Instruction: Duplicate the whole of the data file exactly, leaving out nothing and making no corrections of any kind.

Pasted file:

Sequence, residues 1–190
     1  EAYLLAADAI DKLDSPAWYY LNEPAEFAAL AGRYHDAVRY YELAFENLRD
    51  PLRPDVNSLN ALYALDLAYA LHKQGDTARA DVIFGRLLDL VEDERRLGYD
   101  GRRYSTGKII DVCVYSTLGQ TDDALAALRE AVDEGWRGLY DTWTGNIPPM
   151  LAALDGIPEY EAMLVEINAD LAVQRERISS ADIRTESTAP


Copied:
Sequence, residues 1–190
     1  EAYLLAADAI DKLDSPAWYY LNEPAEFAAL AGRYHDAVRY YELAFENLRD
    51  PLRPDVNSLN ALYALDLAYA LHKQGDTARA DVIFGRLLDL VEDERRLGYD
   101  GRRYSTGKII DVCVYSTLGQ TDDALAALRE AVDEGWRGLY DTWTGNIPPM
   151  LAALDGIPEY EAMLVEINAD LAVQRERISS ADIRTESTAP